Document Type: Original Article
Institute of Health and Social Services in Primary Care, Research Center on Healthcare and Services in Primary Care, Laval University, Quebec City, QC, Canada
Research Center of Quebec City University Hospital Center, St-François d’Assise Hospital, Quebec City, QC, Canada
Faculty of Nursing Science, Laval University, Quebec City, QC, Canada
Department of Social and Preventive Medicine, Faculty of Medicine, Laval University, Quebec City, QC, Canada
Telehealth initiatives have bloomed around the globe, but their integration and diffusion remain challenging because of the complex issues they raise. Available evidence around telehealth usually deals with its expected effects and benefits, but its unintended consequences (UCs) and influencing factors are little documented. This study aims to explore, describe and analyze multidimensional UCs that have been associated with the use of telehealth.
We performed a secondary analysis of the evaluations of 10 telehealth projects conducted over a 22-year period in the province of Quebec (Canada). All material was subjected to a qualitative thematic-pragmatic content analysis with triangulation of methodologies and data sources. We used the conceptual model of the UCs of health information technologies proposed by Bloomrosen et al to structure our analysis.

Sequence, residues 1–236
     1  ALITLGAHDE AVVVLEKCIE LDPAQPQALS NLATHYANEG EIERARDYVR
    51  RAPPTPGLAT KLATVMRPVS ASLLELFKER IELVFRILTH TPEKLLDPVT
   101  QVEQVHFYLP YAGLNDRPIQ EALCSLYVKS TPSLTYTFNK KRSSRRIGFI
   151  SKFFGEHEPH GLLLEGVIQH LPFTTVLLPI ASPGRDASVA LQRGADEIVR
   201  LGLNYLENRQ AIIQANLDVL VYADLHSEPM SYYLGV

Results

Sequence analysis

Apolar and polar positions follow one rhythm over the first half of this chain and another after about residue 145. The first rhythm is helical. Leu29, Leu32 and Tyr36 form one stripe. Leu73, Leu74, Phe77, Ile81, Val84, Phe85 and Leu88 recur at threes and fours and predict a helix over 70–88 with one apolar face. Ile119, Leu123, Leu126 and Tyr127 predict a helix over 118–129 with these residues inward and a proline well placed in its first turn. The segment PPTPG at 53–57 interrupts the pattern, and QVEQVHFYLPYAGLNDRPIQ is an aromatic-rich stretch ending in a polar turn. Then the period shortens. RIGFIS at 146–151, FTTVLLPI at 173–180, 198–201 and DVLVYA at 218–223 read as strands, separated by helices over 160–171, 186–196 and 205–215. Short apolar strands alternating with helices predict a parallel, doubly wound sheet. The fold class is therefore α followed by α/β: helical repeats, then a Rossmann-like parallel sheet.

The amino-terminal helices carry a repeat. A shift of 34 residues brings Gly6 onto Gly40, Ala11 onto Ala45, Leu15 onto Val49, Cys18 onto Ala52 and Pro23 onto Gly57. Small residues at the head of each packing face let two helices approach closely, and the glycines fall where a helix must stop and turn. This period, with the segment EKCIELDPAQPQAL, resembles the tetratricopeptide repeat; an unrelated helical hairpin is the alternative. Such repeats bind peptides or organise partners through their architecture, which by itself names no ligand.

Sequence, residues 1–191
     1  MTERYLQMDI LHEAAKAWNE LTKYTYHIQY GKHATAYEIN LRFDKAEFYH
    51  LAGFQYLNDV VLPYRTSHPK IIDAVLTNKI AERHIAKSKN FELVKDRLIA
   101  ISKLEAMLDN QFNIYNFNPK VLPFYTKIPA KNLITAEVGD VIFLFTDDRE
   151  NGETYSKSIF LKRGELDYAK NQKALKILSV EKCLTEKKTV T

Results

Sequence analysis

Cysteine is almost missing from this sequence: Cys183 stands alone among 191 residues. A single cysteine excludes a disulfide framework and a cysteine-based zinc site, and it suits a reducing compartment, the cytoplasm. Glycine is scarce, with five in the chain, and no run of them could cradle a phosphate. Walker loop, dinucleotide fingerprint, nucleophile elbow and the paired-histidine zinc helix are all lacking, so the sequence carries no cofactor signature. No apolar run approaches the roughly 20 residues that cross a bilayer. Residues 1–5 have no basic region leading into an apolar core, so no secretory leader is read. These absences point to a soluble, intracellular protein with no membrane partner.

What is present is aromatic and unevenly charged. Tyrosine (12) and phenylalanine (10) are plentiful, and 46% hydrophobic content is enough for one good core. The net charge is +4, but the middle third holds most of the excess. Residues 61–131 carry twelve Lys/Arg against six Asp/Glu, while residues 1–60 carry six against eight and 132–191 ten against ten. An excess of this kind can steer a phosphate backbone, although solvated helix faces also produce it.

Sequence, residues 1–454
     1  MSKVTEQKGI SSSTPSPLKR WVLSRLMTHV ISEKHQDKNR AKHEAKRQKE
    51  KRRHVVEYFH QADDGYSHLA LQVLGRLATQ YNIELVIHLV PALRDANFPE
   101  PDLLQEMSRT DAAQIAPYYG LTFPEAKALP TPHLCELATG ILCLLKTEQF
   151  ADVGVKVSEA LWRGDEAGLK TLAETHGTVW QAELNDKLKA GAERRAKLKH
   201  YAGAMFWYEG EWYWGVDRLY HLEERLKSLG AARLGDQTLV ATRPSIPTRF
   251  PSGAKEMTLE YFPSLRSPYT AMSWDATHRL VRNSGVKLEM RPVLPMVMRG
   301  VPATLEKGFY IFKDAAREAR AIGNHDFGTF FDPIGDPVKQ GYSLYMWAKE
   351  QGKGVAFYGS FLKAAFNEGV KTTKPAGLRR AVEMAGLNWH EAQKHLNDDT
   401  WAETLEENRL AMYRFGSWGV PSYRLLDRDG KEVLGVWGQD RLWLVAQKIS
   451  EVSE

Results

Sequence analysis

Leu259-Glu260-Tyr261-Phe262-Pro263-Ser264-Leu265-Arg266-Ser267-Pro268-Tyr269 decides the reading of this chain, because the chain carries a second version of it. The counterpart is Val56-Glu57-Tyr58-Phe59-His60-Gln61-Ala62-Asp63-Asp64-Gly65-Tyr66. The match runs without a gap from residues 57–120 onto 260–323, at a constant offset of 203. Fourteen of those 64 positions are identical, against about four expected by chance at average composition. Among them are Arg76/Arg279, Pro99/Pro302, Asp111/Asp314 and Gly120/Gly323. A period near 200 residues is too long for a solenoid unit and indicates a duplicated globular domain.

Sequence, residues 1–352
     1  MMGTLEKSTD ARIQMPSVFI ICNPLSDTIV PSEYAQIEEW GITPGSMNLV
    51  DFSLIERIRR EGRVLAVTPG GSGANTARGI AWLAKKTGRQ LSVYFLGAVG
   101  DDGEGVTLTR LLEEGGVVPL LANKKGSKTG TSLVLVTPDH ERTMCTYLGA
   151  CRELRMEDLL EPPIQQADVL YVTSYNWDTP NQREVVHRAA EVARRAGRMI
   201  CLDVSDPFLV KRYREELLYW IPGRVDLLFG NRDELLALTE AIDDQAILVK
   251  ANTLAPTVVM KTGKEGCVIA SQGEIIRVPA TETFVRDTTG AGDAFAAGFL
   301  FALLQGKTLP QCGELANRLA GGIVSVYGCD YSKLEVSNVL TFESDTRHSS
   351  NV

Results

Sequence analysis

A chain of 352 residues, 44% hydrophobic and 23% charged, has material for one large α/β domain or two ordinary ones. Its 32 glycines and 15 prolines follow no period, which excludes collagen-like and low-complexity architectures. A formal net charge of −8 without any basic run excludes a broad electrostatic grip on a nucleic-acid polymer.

Four major findings emerged from our analysis. First, telehealth utilization requires many adjustments, changes and negotiations often underestimated in the planning and initial phases of the projects. Second, telehealth may result in the emergence of new services corridors that disturb existing ones and involve several adjustments for organizations, such as additional investments and resources, but also the risk of fragmentation of services and the need to balance between standardization of practices and local innovation. Third, telehealth may accentuate power relations between stakeholders. Fourth, it may lead to significant changes in the responsibilities of each actor in the supply chain of services. Finally, current legislative and regulatory frameworks appear ill-adapted to many of the new realities brought by telehealth.
This study provides a first attempt for an overview of the UCs associated with the use of telehealth. Future research-evaluation studies should be more sensitive to the multidimensional and interdependent factors that influence telehealth implementation and utilization as well as its impacts, intended or unintended, at all levels. Thus, a consideration of potential UCs should inform telehealth projects, from their planning until their scaling-up.